Top Dog Breeds For Retirees
The diversity within the dog species is really quite remarkable. They range from 4-pound Chihuahuas to 200-pound Great Danes, have fur anywhere from hairless to triple coats to long and shaggy, and their temperaments vary greatly as well.
You may also have less financial resources to have a dog that needs regular professional grooming or is prone to medical issues that require frequent visits to the veterinarian. And you should consider the future, and whether you might relocate to a senior living facility that only allows certain dogs.
Lastly, think about adopting a grown dog from a rescue rather than getting a puppy. Puppies are a lot of work and interrupted sleep, and you may not want to deal with that once you retire.
Here are top dogs that are least suited to retirees, based on their energy level, grooming needs, and medical problems.
Dalmatian The Dalmatian is no doubt an iconic dog. Disney made us love them, but there's a reason Pongo and Perdy met on a walk! They are high-energy dogs who require a lot of exercise. If not given enough outdoor time, they can become destructive indoors. They are also stubborn and difficult to train. In addition, according to puppytoob.com, they can be fearful or overly aggressive, depending on their lineage. All red flags for retirees looking for a chill companion in their golden years.
Jack Russell Terrier
The Jack Russell Terrier is all terrier, meaning they are bundles of boundless energy. They made the list for the 20 most high-maintenance dogs on iheartdogs.com, and that's enough to make them a poor choice for retirees.
German Shorthaired Pointer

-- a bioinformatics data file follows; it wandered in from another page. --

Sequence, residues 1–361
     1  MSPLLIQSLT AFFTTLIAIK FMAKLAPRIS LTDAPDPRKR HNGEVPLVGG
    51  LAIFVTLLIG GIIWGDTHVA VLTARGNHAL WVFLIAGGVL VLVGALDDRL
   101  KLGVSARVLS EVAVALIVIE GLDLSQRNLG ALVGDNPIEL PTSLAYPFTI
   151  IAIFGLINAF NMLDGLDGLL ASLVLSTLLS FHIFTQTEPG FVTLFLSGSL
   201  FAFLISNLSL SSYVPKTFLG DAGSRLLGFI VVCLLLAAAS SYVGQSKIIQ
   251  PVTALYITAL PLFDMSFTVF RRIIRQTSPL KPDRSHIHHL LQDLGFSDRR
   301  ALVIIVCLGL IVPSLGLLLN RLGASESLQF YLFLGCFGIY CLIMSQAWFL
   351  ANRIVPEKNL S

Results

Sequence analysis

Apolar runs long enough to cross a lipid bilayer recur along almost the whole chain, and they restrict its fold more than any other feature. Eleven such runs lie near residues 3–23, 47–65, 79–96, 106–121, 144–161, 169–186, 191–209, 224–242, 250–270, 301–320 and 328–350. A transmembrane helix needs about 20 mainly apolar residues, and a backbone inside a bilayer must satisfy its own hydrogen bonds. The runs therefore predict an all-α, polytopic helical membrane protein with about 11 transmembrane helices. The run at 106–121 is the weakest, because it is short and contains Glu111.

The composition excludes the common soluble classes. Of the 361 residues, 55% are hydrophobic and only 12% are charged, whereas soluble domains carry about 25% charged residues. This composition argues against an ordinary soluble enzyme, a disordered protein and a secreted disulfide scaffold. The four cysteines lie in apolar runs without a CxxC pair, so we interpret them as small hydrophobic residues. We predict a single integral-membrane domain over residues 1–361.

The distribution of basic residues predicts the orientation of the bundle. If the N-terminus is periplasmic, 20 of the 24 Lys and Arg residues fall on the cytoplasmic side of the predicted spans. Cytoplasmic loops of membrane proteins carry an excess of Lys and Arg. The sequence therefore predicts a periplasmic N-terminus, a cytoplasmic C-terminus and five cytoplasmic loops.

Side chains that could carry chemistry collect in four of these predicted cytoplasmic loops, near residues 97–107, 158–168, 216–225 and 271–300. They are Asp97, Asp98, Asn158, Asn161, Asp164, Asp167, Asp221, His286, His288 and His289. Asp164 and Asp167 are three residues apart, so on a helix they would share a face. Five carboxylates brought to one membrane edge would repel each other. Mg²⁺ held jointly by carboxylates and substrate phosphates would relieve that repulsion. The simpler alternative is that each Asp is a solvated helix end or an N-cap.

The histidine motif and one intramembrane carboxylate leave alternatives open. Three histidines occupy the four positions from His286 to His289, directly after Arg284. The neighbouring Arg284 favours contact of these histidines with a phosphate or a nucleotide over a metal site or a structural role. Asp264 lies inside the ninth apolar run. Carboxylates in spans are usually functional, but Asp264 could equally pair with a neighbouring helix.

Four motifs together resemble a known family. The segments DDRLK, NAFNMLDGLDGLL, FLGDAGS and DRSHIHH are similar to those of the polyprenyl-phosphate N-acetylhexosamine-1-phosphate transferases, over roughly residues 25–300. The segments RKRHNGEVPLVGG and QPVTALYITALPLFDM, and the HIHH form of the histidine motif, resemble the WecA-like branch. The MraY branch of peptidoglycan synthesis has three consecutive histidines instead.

Another high-energy breed, the German Shorthaired Pointer wants to run. A lot. So, if you are not in the habit of taking a daily, say 5-mile run, then this isn't the breed for you.
English Springer Spaniel
English Springer Spaniels are high-energy dogs, with considerable grooming requirements, according to iheartdogs.com. The site also says the breed is prone to "Springer rage," where they attack anything close to them, adding that in a survey by The Atlantic, one in four Springer Spaniels had bitten somebody. All good reasons to avoid this breed in your retirement years.
Beagles can tend to be stubborn and obstinate. According to puppytoob.com, Beagles have a long list of shortcomings, one of which is the tendency to howl and bay. They also shed a lot and have a very distinct odor. All of these are good reasons not to have a Beagle if you live in an apartment, senior living facility, or really anywhere you have neighbors in close proximity.
Irish Setters are perpetual puppies — and although at first that seems appealing, they can be difficult to train. They require a lot of exercise as well as regular brushing to maintain their coats. According to dogtime.com, Irish Setters are not adaptable to apartment living, and they don't tolerate being left alone. They also give them two out of five stars for general health.
The Siberian Husky is another high-maintenance dog, according to iheartdogs.com, which means it could also be a poor choice for retirees. Not only do they shed constantly, but they are runners who need daily exercise. They are also known to be escape artists, and if given the chance, they will bolt!
The Airdale Terrier is a hardworking dog that can be trained to do police work, hunt rodents, or hunt game. And in true terrier form, Airdales are high-energy dogs that need to be active to be happy.
Just looking at this beautiful dog — you know that coat is going to require constant grooming. Add to that, this is a high-energy breed, and you know it's a big commitment to keep this dog happy — just maybe not the commitment you are looking for in your retirement years.
These medium-sized pups are perhaps one of the oldest breed of dogs. But they are high energy, requiring lots of activity and playtime.